DHS issues public health advisory for fentanyl-laced drugs

MADISON, Wis. — The Wisconsin Department of Health Services issued an advisory Wednesday warning residents about an increase in deaths linked to drugs laced with synthetic substances.

In particular, the DHS warned about the presence of fentanyl, which is 50 times stronger than heroin. Officials said that illegal drug manufacturers use fentanyl to make drugs more powerful and cut costs.

“So on a drug supply level and a distribution level, it creates a higher profit margin for individuals that are manufacturing, distributing the substance around the state,” said Paul Krupski, Director of Opioid Initiatives. 

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Data from the department shows that synthetic opioids — specifically fentanyl — were linked to 91% of opioid overdose deaths in the state and 73% of all overdose deaths.

“We can’t ignore the greater risks people face by not knowing what is included in the drugs they are taking,” DHS Secretary-designee Karen Timberlake said. “This is a public health crisis.”

Fentanyl is being found in all types of drugs including counterfeit pills, stimulants like cocaine and methamphetamine, opioids and other drugs. It is being pressed into pills and laced into other drugs.

We’ve seen an uptick in people thinking they’re taking a single Oxycodone pill or Adderall pill, a single pill — and that being including fentanyl — and one pill causes them to die within hours,” said Dr. Jasmine Zapata, Chief Medical Officer for Maternal and Child Health, and Chronic Diseases.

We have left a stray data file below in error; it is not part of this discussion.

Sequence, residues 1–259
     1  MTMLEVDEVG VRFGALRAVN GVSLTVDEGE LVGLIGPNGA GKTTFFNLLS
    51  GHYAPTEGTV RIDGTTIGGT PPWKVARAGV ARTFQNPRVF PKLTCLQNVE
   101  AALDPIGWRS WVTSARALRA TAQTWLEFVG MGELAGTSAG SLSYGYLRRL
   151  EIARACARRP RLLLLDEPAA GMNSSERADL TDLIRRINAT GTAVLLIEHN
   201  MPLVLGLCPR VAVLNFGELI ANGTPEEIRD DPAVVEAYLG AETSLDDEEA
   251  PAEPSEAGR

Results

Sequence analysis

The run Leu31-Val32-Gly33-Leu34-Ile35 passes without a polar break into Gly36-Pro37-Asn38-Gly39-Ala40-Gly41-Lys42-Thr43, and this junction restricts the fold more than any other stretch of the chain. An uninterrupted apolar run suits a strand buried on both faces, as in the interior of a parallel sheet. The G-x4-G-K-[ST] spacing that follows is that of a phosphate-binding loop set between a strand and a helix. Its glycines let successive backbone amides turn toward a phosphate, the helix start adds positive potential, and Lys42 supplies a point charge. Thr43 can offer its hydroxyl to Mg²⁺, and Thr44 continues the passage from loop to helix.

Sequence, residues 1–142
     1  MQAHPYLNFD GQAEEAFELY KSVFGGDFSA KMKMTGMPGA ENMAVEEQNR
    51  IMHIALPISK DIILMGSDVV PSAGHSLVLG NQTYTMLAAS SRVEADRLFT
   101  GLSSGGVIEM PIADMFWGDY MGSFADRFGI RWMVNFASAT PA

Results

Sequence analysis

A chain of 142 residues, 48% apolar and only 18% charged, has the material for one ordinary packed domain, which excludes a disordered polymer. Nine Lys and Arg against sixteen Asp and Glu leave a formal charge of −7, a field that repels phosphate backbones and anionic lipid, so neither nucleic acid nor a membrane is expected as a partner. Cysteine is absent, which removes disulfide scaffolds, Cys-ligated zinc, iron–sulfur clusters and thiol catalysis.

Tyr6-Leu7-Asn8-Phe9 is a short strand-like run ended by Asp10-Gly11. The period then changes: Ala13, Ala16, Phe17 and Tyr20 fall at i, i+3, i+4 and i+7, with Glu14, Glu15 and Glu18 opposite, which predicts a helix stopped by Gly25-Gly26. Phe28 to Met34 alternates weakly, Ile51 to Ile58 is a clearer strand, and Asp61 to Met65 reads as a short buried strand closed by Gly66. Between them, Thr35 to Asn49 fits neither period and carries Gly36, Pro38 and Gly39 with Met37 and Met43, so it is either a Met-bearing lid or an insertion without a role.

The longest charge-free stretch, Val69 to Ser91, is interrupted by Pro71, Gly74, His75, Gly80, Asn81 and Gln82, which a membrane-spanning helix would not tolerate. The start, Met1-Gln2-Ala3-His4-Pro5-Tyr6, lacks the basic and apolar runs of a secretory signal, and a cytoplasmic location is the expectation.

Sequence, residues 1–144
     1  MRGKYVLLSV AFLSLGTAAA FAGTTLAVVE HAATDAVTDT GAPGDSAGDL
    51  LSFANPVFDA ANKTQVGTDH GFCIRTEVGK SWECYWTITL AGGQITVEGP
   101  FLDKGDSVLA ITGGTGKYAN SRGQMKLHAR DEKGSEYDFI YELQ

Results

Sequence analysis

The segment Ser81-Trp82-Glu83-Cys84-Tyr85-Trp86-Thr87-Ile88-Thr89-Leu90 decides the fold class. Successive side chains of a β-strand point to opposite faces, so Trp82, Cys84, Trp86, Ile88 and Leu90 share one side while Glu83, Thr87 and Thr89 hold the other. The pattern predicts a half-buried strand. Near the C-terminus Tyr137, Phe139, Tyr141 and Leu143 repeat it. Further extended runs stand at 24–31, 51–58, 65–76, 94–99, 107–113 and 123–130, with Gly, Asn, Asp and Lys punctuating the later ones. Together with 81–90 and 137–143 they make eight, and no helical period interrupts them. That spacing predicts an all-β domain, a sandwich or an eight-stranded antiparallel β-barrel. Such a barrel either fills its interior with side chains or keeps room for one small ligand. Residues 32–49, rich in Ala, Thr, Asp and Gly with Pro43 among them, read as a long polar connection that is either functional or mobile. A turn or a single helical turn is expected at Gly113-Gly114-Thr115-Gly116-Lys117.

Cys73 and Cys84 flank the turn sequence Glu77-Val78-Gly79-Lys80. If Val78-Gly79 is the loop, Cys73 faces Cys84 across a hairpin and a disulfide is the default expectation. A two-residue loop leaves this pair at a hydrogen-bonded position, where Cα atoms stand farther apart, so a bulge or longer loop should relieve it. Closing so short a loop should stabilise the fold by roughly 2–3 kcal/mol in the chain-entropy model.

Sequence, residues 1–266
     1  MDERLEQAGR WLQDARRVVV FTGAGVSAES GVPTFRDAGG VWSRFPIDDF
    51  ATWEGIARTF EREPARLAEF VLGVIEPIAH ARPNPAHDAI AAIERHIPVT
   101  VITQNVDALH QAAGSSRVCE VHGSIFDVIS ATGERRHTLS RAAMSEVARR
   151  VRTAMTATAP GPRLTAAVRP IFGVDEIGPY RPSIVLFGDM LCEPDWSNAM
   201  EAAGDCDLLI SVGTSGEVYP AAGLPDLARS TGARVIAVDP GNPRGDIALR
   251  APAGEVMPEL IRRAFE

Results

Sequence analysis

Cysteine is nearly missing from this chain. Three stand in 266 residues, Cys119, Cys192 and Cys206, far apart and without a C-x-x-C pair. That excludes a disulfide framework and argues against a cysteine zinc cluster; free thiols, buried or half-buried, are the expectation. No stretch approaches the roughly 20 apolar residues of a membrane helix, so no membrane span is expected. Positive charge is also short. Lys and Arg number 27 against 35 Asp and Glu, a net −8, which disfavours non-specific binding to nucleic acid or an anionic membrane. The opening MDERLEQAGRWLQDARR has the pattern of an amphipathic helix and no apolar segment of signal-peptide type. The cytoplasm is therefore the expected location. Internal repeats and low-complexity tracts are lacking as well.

While it’s found in a variety of substances, it’s the variety of users fentanyl is finding its way to that is also concerning.

We’ve heard numerous reports and stories about, particularly young people, young people as young as middle school, high school, college-age,” Dr. Zapata said, “where they are not in the traditional communities that often people think about when we think about ‘overdose’.” 

According to health officials, Narcan is always an important tool, but more often recently substances laced with fentanyl require more than 1 dose of the emergency treatment — or it may not even work at all.

“We’re starting to see a little bit that sometimes the fentanyl and substances include others are mixed with other substances that actually don’t respond to Narcan,” Dr. Zapata said. 

Fentanyl overdose deaths in Wisconsin increased by 97% from 2019 to 2021.

It’s easy to get numbed at times to numbers and statistics but again these are real families, real lives that are impacted,” said Dr. Zapata.